This experiment is one that I have noticed while doing my electricity shows. I use a balloon in the show to demonstrate positive and negative static charges. While holding this balloon, I noticed that I could feel a variety of sounds, especially when I was using a microphone and loud speaker.
I hope that you made your own Whistle Stick, and have been playing...., I mean experimenting with it. I also hope that you spent some time thinking about the science behind the sound that it makes, because that is what we are going to explore this time. For your exploration, you will need:
Today I was playing with sound experiments, and had so much fun with this one that I thought I would share it. It is based on the original phonographs, which used a very similar setup to play recordings of music or voices. They used a large cone to increase the volume of the sound.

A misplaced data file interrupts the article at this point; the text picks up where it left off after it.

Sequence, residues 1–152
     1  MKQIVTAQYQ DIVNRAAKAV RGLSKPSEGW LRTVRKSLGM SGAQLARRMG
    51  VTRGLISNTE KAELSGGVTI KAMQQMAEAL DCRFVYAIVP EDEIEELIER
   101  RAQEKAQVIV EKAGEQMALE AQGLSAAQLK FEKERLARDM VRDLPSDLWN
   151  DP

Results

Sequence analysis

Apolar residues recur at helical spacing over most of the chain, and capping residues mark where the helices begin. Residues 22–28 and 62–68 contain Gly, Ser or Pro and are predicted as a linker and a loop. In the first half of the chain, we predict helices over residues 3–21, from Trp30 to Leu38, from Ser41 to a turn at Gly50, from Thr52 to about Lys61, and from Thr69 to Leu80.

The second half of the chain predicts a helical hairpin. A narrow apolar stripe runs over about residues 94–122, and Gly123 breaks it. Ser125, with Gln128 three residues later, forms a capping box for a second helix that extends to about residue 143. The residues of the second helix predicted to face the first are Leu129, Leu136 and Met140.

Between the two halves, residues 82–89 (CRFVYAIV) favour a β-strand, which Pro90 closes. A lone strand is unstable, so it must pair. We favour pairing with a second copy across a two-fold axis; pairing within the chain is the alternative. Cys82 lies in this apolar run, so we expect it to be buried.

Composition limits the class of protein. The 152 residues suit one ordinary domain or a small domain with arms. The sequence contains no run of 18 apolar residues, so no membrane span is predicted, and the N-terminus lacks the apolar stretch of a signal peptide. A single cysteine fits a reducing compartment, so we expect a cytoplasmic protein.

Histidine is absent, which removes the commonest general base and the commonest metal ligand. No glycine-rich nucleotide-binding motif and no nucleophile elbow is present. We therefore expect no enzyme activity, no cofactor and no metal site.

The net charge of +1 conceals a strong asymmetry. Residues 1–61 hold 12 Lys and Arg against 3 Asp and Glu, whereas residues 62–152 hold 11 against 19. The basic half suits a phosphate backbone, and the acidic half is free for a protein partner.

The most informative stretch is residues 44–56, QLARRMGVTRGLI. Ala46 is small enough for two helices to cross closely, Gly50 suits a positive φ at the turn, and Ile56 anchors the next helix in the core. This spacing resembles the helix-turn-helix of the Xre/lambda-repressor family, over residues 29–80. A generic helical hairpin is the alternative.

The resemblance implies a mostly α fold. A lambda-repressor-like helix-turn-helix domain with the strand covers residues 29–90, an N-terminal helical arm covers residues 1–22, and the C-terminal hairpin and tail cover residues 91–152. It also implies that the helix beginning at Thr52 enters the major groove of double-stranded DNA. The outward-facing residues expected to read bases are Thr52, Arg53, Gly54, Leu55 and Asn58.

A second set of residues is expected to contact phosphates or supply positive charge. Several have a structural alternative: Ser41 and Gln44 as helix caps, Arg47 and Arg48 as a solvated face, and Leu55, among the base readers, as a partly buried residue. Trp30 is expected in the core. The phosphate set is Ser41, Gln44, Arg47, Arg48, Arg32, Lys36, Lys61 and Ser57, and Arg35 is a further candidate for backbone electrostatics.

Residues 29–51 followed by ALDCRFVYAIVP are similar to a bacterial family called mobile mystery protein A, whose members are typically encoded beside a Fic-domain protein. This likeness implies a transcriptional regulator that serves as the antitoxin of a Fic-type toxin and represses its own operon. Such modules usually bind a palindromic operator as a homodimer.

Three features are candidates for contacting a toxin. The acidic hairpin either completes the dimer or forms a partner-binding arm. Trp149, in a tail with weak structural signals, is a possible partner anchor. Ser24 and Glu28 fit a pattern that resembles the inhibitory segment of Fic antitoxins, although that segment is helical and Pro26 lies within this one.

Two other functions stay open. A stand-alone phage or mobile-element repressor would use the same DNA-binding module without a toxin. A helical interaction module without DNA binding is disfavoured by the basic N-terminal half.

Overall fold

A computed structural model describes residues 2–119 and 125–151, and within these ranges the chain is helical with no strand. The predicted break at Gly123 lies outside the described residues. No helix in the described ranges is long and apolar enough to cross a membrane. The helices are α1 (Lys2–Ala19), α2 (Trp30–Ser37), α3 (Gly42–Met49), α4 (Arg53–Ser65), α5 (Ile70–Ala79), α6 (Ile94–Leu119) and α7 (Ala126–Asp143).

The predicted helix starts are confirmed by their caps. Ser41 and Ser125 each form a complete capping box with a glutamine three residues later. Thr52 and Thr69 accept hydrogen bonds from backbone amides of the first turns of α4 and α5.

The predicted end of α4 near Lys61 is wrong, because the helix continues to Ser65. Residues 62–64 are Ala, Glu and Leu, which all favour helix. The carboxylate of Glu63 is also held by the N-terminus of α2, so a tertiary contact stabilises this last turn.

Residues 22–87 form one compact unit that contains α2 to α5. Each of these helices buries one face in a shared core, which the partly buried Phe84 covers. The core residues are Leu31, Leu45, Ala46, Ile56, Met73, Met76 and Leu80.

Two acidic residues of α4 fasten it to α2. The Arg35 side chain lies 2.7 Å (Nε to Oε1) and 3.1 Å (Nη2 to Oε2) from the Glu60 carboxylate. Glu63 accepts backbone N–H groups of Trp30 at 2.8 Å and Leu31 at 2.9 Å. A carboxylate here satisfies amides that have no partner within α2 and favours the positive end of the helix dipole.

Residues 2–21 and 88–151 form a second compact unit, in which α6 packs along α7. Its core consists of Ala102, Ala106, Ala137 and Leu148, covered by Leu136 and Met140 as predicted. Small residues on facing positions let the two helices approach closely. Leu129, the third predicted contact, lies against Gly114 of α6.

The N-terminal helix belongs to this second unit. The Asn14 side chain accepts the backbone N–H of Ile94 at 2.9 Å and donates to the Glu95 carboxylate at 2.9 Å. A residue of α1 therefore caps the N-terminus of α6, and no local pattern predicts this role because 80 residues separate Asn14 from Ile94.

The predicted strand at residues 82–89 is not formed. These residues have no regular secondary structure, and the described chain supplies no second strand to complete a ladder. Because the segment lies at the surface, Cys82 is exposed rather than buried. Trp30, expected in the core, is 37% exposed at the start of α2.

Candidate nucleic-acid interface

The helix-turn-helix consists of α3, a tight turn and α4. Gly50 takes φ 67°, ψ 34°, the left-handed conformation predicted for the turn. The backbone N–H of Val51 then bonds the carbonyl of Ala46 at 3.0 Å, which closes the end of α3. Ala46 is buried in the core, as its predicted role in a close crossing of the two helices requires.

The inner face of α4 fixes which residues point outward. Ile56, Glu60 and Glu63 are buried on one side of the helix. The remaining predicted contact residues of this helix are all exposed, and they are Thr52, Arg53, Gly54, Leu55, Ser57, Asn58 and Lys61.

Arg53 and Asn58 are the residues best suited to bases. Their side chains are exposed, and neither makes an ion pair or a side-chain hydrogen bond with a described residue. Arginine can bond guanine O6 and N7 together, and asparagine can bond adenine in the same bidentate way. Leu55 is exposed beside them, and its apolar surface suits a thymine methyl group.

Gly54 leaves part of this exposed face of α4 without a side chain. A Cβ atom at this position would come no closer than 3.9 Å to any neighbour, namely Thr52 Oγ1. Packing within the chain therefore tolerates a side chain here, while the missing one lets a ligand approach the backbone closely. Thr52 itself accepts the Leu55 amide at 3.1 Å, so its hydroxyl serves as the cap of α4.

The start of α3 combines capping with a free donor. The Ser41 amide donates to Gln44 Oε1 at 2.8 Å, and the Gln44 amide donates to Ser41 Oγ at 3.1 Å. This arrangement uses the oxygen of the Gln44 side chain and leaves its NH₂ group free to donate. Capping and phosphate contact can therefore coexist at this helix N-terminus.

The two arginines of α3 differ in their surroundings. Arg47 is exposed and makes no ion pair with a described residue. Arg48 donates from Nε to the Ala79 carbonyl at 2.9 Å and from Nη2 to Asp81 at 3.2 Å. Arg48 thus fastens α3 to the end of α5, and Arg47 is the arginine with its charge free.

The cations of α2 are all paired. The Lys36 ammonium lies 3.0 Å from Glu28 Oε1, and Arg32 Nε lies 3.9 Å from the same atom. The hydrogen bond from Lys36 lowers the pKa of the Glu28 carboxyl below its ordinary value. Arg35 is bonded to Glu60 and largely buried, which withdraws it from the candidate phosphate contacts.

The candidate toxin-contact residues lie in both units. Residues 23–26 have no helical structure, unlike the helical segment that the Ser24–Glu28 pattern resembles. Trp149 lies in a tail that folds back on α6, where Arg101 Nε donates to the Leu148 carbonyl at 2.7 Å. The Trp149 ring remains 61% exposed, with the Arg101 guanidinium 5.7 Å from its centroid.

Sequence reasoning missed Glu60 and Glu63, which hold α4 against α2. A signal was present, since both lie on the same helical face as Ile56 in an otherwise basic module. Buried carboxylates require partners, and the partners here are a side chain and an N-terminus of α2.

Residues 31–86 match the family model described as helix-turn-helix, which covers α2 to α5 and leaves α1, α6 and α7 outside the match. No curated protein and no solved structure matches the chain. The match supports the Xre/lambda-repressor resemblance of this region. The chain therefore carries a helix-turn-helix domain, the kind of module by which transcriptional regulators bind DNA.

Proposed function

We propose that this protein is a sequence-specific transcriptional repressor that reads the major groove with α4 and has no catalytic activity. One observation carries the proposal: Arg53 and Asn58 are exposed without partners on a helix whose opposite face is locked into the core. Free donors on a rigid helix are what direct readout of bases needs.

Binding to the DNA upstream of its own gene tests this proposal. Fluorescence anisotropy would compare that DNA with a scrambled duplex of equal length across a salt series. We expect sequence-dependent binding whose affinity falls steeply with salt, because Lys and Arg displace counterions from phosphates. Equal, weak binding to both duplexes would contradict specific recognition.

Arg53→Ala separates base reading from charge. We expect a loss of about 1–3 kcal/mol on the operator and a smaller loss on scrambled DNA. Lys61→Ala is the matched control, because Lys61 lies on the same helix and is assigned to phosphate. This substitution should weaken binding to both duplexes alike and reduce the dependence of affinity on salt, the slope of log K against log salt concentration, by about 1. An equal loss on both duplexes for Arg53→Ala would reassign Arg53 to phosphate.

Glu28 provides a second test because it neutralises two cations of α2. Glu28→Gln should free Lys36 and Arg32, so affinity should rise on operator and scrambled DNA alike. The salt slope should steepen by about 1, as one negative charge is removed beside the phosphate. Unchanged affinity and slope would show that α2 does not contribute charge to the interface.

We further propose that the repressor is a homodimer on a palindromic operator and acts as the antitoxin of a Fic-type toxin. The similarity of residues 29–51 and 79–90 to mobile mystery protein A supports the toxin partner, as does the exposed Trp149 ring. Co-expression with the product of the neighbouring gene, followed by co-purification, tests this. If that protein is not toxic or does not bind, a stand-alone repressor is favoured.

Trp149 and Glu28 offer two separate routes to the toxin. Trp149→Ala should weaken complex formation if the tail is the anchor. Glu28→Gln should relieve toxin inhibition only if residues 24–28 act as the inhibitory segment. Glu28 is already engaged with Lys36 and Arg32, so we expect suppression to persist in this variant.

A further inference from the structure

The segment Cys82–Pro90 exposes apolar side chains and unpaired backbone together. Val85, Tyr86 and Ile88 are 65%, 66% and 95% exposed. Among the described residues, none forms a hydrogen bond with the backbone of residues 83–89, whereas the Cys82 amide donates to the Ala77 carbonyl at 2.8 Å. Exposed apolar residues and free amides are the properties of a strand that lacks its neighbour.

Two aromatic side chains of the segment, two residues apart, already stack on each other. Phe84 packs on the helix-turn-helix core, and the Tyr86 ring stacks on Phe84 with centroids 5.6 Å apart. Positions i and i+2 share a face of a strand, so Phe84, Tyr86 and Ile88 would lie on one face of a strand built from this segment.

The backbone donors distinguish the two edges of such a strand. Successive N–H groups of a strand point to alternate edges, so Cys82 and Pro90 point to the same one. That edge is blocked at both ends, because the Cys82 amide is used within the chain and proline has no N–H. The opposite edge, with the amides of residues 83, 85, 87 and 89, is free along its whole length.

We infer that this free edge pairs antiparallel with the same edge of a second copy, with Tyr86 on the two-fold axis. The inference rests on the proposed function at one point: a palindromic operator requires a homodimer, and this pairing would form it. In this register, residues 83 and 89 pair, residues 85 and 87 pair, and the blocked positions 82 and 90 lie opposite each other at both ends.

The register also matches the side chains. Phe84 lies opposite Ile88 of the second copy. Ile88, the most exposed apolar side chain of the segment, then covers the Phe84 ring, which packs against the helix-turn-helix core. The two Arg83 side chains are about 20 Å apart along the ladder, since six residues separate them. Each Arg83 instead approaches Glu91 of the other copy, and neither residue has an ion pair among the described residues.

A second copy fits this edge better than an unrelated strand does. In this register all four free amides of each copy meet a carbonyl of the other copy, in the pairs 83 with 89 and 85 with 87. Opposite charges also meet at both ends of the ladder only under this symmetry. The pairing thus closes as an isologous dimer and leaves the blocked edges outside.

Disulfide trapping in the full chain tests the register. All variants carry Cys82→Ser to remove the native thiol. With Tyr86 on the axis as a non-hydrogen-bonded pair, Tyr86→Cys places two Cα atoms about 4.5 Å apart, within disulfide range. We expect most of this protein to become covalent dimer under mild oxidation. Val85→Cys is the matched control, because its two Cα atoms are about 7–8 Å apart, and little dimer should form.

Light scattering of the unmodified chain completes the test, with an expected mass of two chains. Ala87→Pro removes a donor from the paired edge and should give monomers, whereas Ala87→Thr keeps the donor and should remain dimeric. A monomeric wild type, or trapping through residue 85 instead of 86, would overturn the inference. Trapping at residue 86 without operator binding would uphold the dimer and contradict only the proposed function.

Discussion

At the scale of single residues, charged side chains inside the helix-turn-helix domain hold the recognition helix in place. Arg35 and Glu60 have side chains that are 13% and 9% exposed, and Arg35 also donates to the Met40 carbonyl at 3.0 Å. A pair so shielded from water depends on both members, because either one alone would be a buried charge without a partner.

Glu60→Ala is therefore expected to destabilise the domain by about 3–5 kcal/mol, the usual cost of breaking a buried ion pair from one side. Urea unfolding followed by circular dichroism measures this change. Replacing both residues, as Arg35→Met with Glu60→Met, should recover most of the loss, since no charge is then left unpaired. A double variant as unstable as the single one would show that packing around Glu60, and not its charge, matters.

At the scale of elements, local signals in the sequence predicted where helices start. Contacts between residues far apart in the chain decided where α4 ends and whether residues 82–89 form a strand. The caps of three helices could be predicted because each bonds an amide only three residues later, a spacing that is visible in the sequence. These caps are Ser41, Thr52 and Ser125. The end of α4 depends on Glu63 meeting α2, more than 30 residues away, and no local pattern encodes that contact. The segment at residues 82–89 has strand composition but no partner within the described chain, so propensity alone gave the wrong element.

This experiment is a trick that my Grandfather taught me when I was very young. He called it a "whistle stick", and making one brought back delightful memories from my childhood. This experiment requires the use of a sharp knife, so if you are young, you may need adult assistance. It is not difficult, but even adults should keep safety in mind.
If you have ever played with a tuning fork, you know that they are interesting and fun, but they can also be expensive. For this experiment, we will use a regular fork from your kitchen to produce a beautiful tone.
Any time you hear a sound, it is because something is vibrating. Place your fingers against your throat and hum. You will feel your throat vibrate. We usually hear sounds from vibrations that travel through the air, but solids can be much better at carrying vibrations.